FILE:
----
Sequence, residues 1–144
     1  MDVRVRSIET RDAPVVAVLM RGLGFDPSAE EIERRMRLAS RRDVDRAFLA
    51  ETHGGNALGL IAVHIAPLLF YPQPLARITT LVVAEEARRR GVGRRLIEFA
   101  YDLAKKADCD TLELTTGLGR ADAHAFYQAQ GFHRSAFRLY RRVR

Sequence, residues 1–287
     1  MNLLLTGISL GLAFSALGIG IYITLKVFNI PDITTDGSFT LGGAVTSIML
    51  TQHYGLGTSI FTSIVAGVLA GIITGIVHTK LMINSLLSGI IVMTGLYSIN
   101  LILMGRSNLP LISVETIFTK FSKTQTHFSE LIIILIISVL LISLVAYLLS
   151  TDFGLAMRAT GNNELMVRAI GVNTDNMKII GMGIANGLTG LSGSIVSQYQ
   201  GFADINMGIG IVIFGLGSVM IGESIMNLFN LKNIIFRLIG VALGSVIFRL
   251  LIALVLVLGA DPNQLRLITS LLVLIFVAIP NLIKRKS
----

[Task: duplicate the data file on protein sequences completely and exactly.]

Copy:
Sequence, residues 1–144
     1  MDVRVRSIET RDAPVVAVLM RGLGFDPSAE EIERRMRLAS RRDVDRAFLA
    51  ETHGGNALGL IAVHIAPLLF YPQPLARITT LVVAEEARRR GVGRRLIEFA
   101  YDLAKKADCD TLELTTGLGR ADAHAFYQAQ GFHRSAFRLY RRVR

Sequence, residues 1–287
     1  MNLLLTGISL GLAFSALGIG IYITLKVFNI PDITTDGSFT LGGAVTSIML
    51  TQHYGLGTSI FTSIVAGVLA GIITGIVHTK LMINSLLSGI IVMTGLYSIN
   101  LILMGRSNLP LISVETIFTK FSKTQTHFSE LIIILIISVL LISLVAYLLS
   151  TDFGLAMRAT GNNELMVRAI GVNTDNMKII GMGIANGLTG LSGSIVSQYQ
   201  GFADINMGIG IVIFGLGSVM IGESIMNLFN LKNIIFRLIG VALGSVIFRL
   251  LIALVLVLGA DPNQLRLITS LLVLIFVAIP NLIKRKS